D E S I G N . V I S I O N : C O N F E R E N C E
0 5. 0 9 . 2 0 1 2
T A V S . J Ø R G E N S E N
D e n m a r k / G r e a t . B r i t a i n

MAGYAR NYELV

"My research is located in the wider context of post-industrial production focused on exploring how digital design and manufacturing tools can be used as the foundation for new models of creative practice in a borderline area between craft, design and digital production. Within this field I have a number of specific project under continual development. One of the central projects over recent years has been the investigation of emerging gestural computer interfaces and the possibility of using these to facilitate a visual evidence of the ‘hand of the maker' in the aesthetics of artefacts designed and produced via digital tools."

Tavs Jørgensen initially trained as a craft potter in his native Denmark. He went onto study 3D Ceramic Design at Cardiff Institute and following his graduation in 1995 he established his own ceramic design consultancy, working for a number of international tableware companies.

In 2005 he was appointed permanent research fellow at the Autonomatic Research Group, University College Falmouth, and since then his practice has been predominately focused on research - in particular investigating how new models of design practice can be developed on the basis of new technology tools. In this research he has explored also how new computer interfaces can facilitate more personal and expressive aesthetics in the artefacts created via digital fabrication tools. He still maintains an active creative practice and his work is regularly featured in national and international exhibitions. Jørgensen is a regular visiting tutor on the Ceramic and Glass course at the RCA and also a guest lecturer at numerous international universities and colleges.

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Reconfigurable Pin Tooling
Over the last couple of years I have been exploring a novel moulding method called ‘Reconfigurable Pin Tooling’. The concept which is also described as ‘Universal Tooling’ is broadly the same principle as the one used for the popular 1980’s Pin Screen toy, which consists of a set of perforated screens in which an array of nails is inserted, enabling impression of hands, face and objects to be made. However, the history of this concept dates back much further. The principle has been explored for at least 150 years as a reconfigurable mounding apparatus capable of producing an infinite variety of shapes.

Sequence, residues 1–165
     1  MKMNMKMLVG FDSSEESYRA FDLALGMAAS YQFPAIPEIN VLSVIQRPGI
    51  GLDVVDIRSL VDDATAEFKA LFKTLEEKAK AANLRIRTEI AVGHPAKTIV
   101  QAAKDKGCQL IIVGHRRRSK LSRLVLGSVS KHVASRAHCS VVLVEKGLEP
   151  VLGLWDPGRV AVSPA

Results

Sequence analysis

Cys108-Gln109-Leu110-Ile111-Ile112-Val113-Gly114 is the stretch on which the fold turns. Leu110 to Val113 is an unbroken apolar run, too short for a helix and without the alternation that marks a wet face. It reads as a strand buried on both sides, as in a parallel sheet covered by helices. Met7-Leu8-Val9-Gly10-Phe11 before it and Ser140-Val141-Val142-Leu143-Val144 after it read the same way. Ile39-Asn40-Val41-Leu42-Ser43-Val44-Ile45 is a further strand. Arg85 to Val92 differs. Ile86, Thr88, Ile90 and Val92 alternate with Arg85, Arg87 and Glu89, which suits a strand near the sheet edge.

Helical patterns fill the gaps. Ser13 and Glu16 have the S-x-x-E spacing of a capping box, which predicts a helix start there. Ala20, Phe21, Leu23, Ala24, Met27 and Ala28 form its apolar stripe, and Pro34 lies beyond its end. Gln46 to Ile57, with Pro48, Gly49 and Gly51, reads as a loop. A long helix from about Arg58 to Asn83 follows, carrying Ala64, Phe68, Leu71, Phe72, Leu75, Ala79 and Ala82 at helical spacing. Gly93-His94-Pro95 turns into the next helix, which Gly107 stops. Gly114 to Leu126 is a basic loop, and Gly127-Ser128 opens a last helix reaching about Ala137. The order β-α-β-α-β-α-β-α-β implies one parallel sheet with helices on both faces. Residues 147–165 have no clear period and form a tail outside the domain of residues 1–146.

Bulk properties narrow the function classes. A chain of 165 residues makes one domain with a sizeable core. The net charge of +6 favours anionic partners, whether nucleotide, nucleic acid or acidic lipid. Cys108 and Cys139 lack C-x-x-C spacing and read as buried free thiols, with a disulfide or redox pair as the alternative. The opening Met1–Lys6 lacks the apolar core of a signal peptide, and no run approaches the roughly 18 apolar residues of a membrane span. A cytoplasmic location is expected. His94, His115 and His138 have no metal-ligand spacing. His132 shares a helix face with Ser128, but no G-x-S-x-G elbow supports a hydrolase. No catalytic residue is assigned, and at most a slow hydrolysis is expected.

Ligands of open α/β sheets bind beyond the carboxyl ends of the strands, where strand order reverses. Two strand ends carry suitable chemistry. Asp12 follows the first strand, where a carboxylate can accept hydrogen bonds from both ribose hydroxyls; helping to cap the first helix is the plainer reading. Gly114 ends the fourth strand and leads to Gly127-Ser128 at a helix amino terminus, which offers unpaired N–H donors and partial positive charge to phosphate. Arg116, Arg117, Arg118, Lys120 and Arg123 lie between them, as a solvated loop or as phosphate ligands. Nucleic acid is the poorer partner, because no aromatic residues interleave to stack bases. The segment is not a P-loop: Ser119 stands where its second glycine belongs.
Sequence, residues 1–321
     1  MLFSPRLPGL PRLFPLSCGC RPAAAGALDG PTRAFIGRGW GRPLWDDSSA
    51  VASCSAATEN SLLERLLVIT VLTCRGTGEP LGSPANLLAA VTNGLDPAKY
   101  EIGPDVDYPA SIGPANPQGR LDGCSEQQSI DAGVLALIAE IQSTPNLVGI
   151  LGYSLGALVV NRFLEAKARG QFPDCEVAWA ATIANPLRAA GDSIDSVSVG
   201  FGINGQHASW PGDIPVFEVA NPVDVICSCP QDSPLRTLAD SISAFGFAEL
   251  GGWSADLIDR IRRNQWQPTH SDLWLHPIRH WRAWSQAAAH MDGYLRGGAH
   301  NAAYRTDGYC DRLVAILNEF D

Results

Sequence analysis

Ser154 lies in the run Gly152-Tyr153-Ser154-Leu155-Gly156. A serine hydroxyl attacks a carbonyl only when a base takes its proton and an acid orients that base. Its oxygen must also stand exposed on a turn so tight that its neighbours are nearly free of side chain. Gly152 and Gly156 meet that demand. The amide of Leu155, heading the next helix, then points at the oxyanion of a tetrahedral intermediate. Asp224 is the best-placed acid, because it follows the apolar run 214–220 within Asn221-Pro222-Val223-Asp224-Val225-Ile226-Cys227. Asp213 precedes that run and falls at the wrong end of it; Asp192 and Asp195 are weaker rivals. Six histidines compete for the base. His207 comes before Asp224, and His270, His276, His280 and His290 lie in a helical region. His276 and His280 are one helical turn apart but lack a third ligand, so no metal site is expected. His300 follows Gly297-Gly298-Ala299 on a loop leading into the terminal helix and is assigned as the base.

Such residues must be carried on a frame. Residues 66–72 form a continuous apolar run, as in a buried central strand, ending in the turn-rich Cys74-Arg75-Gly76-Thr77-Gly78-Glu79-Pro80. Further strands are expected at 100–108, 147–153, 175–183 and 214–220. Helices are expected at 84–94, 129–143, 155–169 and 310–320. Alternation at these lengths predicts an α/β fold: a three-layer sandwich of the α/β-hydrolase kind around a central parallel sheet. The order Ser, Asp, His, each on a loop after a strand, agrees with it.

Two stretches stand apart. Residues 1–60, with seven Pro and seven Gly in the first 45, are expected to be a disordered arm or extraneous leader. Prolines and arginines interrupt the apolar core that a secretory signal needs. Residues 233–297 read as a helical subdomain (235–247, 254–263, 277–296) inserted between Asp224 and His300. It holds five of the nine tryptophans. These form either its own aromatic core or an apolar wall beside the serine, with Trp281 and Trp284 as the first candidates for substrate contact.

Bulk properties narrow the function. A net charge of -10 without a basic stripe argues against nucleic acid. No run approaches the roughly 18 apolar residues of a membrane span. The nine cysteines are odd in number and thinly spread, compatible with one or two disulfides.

But despite many attempts by inventors and engineers over the years the technical challenges associated with the concept have never been fully resolved and a real ‘killer application’ has so far eluded the inventors. In many ways it has remained the ultimate but also unobtainable tooling concept.

However, digital technology has in recent years provided increased access to tools which enable new applications and creative approaches to explored with this production concept.

The pieces from the creative investigation of this method of making was first shown in the CRAFT CODE - 011 exhibitions at the Wills lane Gallery in St Ives in September 2011. Another piece form the exploration was exhibited at Chipstone Faundation’s “Tool in Hand” exhibition at the Milwaukee Art Gallery in winter 2011/2012, and work from the project will also be featured the 2012 Collect show at the Saatchi Gallery, London.

Glass investment casting with 3D printed moulds
This research project was initiated in 2010 by senior lecturer Gayle Matthias and research fellow Tavs Jorgensen with an aim to develop method that enable the creations glass moulds directly from three-dimensional computer data without the need for a physical mould pattern.

The concept is based on Additive Manufacture (AM) - a technology that is also commonly known as ‘Rapid Prototyping’ or ‘3D printing’.
The three-dimensional data used in the process can originate from a number of sources including: computer aided design files (CAD), scanned surface data, or CT scan data.

The concept which has been developed is based on method where parts of the mould is printed on a 3D printer, parts which is then surface treated to create a refractory moulds that has structural integrity to withstand temperature needed for investment casting with glass and metal alloys. This moulding method enables a standard Z corp 3D printer to be used as a rapid manufacturing unit without the need for any retro fit or specialist building medium.

See Tavs Jorgensen on "The Minds of Makers" video on YouTube . . . here

Visit Tavs Jørgensen http://www.tavsjorgensen.co.uk


for information please email:
Steve Mattison, International Ceramics Studio
icshu@me.com


magyar nyelvű változata hamarosan

informatió:
Kormos Emese, Nemzetközi Kerámia Stúdió
icshu@t-online.hu


Nemzetközi Kerámia Stúdió - International Ceramics Studio
Kápolna u.11. Kecskemét 6000, Hungary

www.icshu.org